I’m pretty sure there is an adventure of some kind in every ordinary day. This one was not hard to find. It involved a bit of adrenalin…
On Sunday, I got to play piano alongside a real concert pianist. What an adventure!
Huntley Brown was someone I had not met or heard of, but he was playing a worship service (actually three of them) at our church. He has played for audiences all over the world, including the Summit for the Persecuted Church. He and the pastor were alone at the front of the church when the husband and I came in and took our seats.
He came over to greet us. He had questions.
“Do you play music by ear?”
“Yes, kind of. I can pick out melodies, but perhaps not perfectly the first time. I can follow most chord structures.” I answered him without fear, without apprehension, without suspicion. After all, we were just talking music.
“Well, what hymn do you know? Tell me one.”
I’m getting just a hint of foreboding. “I don’t play any of them often without the music in front of me. I can’t really think of one I KNOW by ear, not really.”
“No, you can do one, which one? Just name one that you like…”
“You’re the one giving the concert. We came to hear you.” (Nervous laughter, greater foreboding. He’s being so nice and encouraging – if I keep refusing, I’ll look really lame.)
“What shall we play? Just pick one.”
I know pretty much any hymn in any hymn book, having played them in one church or another since I was 15. For some reason, my mind was blank and I couldn’t remember the name of a hymn, not one. Oh, wait…
“Amazing Grace.” That was a hard one to think of. Where did I come up with that?
“Okay, do you want to play the top or the bottom part?” He was leading me up on stage to the piano. Apparently this was going to happen so I was trying to get my wits about me.
There were hardly any people in the audience yet. Probably no one would notice what was going on. I took the bottom part. He was between me and the people. I could hide. We played Amazing Grace. It only has three chords but I still got some of them wrong.
“That’s good. Let’s play it again. We’re doing the prelude.” This he said to the man in the sound booth who was doubtless wondering what was going on.
I think we may have played Amazing Grace three times before he asked me to think of another one. Still couldn’t remember anything I could play.
“Do you know What A Friend We Have in Jesus?” I did know that one and we played it a couple of times.
“What else? One more…” I couldn’t get the name of the one I was thinking of but I played the first couple notes of the tune and he took over from there. We finished our prelude with that one.
There were a lot more people in the audience by this time. I could see that they were enjoying him interacting with me, one of their own. The hymns were not the point. My musical skill was not the point. The point was that someone so accomplished in their talent was not afraid to come alongside someone of lesser ability, to be humble and gracious in sharing what they could do, to start a relationship in a small but significant way, to have fun, to encourage. I actually think it was a genius way to demonstrate how a believer follows Christ’s example.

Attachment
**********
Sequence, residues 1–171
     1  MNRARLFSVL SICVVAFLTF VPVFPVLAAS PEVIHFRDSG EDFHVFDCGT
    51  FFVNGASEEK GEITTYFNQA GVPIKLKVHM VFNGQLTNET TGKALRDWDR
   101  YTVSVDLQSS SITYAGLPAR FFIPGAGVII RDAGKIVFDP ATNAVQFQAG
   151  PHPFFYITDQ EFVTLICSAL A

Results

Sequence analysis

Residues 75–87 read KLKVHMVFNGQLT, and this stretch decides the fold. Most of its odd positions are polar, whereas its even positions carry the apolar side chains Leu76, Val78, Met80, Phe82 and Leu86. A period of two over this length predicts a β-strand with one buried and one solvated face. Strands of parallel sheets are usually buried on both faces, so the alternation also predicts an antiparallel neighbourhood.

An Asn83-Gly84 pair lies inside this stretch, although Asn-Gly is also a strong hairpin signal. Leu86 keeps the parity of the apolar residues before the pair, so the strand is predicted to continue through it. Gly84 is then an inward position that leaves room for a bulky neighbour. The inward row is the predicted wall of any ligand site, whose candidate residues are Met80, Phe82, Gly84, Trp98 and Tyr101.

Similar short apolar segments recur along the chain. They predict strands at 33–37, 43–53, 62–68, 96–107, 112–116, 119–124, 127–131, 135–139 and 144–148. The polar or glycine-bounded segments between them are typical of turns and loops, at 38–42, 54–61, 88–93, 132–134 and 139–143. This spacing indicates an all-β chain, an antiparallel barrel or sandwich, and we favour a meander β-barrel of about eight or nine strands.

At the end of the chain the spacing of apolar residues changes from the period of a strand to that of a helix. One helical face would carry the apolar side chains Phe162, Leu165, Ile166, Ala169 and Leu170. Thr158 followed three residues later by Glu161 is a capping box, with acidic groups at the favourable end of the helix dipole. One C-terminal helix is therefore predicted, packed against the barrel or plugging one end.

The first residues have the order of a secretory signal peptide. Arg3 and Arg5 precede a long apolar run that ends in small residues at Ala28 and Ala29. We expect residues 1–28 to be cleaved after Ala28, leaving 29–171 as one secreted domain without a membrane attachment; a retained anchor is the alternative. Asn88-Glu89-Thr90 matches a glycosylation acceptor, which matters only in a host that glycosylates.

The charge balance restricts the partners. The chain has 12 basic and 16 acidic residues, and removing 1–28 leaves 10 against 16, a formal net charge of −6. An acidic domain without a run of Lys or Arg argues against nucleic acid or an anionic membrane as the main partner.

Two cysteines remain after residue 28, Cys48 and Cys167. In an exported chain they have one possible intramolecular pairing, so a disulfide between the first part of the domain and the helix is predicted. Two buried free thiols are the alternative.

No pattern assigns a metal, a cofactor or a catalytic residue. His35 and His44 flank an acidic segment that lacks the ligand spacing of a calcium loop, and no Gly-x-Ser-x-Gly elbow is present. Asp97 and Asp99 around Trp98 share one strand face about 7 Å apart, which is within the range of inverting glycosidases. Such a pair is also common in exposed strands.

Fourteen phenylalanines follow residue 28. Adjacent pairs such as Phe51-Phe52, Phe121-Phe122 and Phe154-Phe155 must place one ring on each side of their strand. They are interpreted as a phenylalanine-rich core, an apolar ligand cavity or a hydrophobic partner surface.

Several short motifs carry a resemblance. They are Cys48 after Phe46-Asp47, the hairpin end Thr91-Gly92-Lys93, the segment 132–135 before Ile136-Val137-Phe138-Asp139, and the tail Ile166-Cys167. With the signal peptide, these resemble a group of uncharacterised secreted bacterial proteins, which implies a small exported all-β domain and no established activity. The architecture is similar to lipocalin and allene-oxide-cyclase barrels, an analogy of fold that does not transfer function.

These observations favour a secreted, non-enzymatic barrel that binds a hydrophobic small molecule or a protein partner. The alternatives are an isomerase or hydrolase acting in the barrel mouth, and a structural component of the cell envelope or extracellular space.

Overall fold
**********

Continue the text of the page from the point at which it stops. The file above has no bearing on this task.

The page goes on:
I played piano with Huntley Brown as he demonstrated how Jesus does things. It was a good adventure.
I am saddened. Today I decided to consult with a piano repairman about my faithful, long-standing instrument and its recent problem. It will cost more to repair than it is worth, about $300. I would have thought it was worth more than that – it certainly was in its youth.
We acquired this Everett piano in 1974 or 75, I’m not certain of the date. The husband and I were newlyweds and in college. We had mentors, both of them teachers at the college, who were going to spend some time abroad and were selling a lot of their possessions that would be hard to store. We bought their piano and their car.
I’ve had access to a piano my whole life, except for a few years living in college dorms. Now I had my own, in my apartment, to play any time I wanted to. We moved from Texas to California and the piano came with us and survived the distance. We moved from California to Wisconsin and again the piano held up well. We moved from Wisconsin to Florida, with the piano in the trailer. Through all this it never had significant tuning problems, just a nick or two on its wooden surface and a stripped screw that held the music stand.
I practiced my lessons on this piano, as well as wedding music, funeral music, fun music for my kids, and special accompaniments for friends who sang. As my children learned to play their instruments, I learned to accompany them. There were years when I taught my own piano students – many small hands had their first introduction to music on the keys of my Everett. There was the year when I once again took lessons from a college professor, doing difficult music and learning intricacies that stretched my ability. Learning hymns and worship music for churches I worked for was always going on in the background. My piano was a workhorse.
But it was more than that. They say that music is a path to the soul, and I have experienced that connection. The instrument making the music became a voice for my soul. My piano taught me that beautiful sound is more than just pushing the right notes, it is putting emotion into those musical phrases, touching them in a particular way, a familiar way.
My piano has calmed me as I cried, has distracted me in distress, has satisfied my need to create. Although made of wood and metals, felt and ivory, it has become almost like a person to me. A treasured friend and encourager.
We are looking forward to one more move, and I have been paring down in anticipation of having to store whatever we decide to take with us. The piano is heavy. It will not store well, and it is broken. I think it is time to let go, but it is hard, and sad. Yes, it’s a sad day, and there are a few tears… just sayin’.